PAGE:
News & Politics

Here Are the Floor Plans for Jeff Bezos’s $23 Million DC Home

Forget HQ2—Bezos’s Kalorama mansion has enough room for an entire Amazon outpost.

Here Are the Floor Plans for Jeff Bezos’s  Million DC Home
The Pope house, one of the two homes that will make up Bezos's palatial DC estate. All blueprints in story courtesy of DCRA.

Jeff Bezos has been quietly jetting into Washington over the past few years, becoming quite the hobnobber around town (for all the details of his local life, click here). Soon, Washingtonians may see even more of him. In 2016, the Amazon founder and Washington Post owner paid $23 million in cash for the former Textile Museum in Kalorama (yes, his neighbors are the Obamas and Kushner-Trumps). At 27,000 square feet, the mansion was already the biggest home in Washington before he began a $12 million renovation and expansion last year. 

Bezos and his wife, MacKenzie, plan to use the home for A-level socializing. And we’re not talking your cozy Washington dinner party, although presumably there’ll be plenty of those, too. Washingtonian filed a public-records request with the city’s zoning office to get copies of the blueprints for the renovations. They reveal a party pad of epic proportions. 

Overseen by the Barnes Vanze architecture firm, the reno project covers 191 doors (many either custom mahogany or bronze), 25 bathrooms, 11 bedrooms, five living rooms/lounges, five staircases, three kitchens, two libraries/studies, two workout rooms, two elevators—and a huge ballroom. Read on for the highlights.

The mansion actually comprises two homes, the Pope and the Wood, which date back to the early 1900s and are joined by a connecting walkway. Below, the original footprints for the Pope and Wood houses are on the left; to the right are the proposed renovations for both homes. Note the new “garden-room” addition to the Wood house — one designer tells us that judging from the drawings, this solarium will be “fabulous.” 

The Pope house was designed by John Russell Pope, the architect responsible for the Thomas Jefferson Memorial. According to the documents, the Pope’s four stories will serve primarily as the family’s residence, with all the essentials for a tech-titan billionaire. The lower level (pictured below) has the main living quarters. Note the big whiskey cellar with plentiful drying racks (upper left) and the walk-in wine room (center). There’s also a large lounge complete with a bar, a family kitchen, and an elevator.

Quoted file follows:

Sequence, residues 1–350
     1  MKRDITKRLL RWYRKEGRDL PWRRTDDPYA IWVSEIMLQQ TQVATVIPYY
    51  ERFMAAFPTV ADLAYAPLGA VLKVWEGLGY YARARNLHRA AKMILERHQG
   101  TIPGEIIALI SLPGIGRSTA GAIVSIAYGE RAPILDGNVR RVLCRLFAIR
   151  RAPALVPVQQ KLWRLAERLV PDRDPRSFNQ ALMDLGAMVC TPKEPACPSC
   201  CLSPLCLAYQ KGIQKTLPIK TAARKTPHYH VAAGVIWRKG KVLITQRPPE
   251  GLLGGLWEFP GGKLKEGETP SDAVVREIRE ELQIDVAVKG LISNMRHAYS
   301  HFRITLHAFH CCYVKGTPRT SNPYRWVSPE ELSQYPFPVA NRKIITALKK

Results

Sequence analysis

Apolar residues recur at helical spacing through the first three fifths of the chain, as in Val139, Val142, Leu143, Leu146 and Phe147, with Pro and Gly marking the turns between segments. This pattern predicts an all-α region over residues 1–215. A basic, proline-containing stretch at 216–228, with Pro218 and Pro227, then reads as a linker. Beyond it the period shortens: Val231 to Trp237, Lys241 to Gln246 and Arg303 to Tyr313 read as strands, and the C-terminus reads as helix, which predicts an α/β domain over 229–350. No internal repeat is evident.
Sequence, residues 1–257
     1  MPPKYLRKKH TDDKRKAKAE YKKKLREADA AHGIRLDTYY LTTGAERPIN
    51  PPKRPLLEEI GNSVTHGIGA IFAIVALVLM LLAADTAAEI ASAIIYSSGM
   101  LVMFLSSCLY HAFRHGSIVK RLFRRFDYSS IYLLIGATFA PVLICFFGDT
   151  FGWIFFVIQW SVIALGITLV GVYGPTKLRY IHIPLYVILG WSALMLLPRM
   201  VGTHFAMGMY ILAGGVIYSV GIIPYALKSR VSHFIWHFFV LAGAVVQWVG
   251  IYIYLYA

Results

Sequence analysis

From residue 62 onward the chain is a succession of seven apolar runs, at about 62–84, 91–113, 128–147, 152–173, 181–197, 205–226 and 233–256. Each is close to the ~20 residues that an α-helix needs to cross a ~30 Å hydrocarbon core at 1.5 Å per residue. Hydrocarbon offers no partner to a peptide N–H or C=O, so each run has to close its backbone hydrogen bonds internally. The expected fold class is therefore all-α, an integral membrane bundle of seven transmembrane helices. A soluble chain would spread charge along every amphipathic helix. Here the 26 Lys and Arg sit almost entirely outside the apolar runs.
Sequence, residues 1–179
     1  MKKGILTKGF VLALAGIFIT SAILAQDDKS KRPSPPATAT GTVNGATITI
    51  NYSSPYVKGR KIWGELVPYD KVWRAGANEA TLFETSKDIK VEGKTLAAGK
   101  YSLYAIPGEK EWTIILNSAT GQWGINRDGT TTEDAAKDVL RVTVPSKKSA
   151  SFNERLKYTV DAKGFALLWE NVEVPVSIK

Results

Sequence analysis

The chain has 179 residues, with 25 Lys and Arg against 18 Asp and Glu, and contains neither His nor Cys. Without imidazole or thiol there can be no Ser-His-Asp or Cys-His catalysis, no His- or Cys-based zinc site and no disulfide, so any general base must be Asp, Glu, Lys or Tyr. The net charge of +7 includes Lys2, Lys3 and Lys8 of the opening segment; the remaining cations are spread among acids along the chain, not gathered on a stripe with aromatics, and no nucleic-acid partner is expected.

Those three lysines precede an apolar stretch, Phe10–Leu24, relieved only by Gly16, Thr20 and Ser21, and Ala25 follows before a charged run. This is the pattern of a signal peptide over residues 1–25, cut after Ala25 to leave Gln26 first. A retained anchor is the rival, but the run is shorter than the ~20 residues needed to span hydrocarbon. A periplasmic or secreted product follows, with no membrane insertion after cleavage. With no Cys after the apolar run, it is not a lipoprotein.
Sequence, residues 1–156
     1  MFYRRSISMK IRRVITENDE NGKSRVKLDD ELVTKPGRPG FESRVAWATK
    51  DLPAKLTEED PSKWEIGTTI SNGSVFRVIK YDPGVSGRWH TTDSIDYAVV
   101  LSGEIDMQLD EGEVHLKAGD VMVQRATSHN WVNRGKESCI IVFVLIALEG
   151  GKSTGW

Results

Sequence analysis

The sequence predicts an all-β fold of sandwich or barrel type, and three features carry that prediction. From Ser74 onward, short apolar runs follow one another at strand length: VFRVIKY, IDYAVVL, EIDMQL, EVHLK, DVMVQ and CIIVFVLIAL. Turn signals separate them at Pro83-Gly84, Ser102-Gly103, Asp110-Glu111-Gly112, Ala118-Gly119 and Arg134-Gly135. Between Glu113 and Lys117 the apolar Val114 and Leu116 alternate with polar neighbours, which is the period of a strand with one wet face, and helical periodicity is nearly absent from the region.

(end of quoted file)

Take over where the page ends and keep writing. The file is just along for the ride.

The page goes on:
The upper floors (not pictured) house multiple bedrooms and a couple large dressing rooms, one of which has its own fireplace. No one will be fighting over the bathroom—there are 10 in the Pope house. An exercise room, a TV room, and a family kitchenette (that’s in addition to the large kitchen on the lower level) are among the other rooms upstairs.  

Next door, the larger Wood house (below) will serve as the Bezos’s headquarters for Washington entertaining. Besides the rooms that guests will see (more on those in a minute), the property has all the infrastructure needed for large affairs: an area for grilling, furniture storage, staff changing rooms and offices, a kitchen just for catering parties, a coat room, and multiple bathroom stalls. 

An enormous slab marble staircase greets guests in the main vestibule before they move into the ballroom (below, right). At almost 1,500 square feet, it has a bar, floor-to-ceiling Ionic fluted columns, a limestone fireplace, and a balconied promenade with iron guardrails that overlooks the space from the second floor. A 36-foot-long gallery, a solarium (“garden room”), two terraces, and a living room round out the floor. 

Upstairs, there are four guest bedrooms and bathrooms, plus housing for staff (below). And what would a multi-million-dollar estate be without another elevator? 

Behind the homes are extensive grounds, with a landscaped yard stretching toward Decatur Street, Northwest (below, to the right). Newly planted trees and stone paths cut through the space, which also has two fountains, a garden pavilion, and a pergola. 

The garden pavilion (below) is made of stucco, brick, and limestone with a cupola and a copper roof and gutters. It will have gas lighting, a fireplace, and a chimney.

Such expansive grounds need upkeep—a one-bedroom, one-and-a-half-bath carriage house (below) at the back of the property will house a caretaker. A rooftop garden stretches over the top, and restored, historic police-globe light fixtures line the outside. The house has a two-car garage off Decatur Street, Northwest. 

Besides DC, the world’s richest man owns homes in Washington state, Beverly Hills, Texas, and New York. Bezos’s architecture firm predicts the Kalorama estate will be finished by December—perhaps just in time for an HQ2 reveal?

Ben Wofford contributed reporting. 

Mimi Montgomery Washingtonian
Home & Features Editor

Mimi Montgomery joined Washingtonian in 2018. She’s written for The Washington Post, Garden & Gun, Outside Magazine, Washington City Paper, DCist, and PoPVille. Originally from North Carolina, she now lives in Del Ray.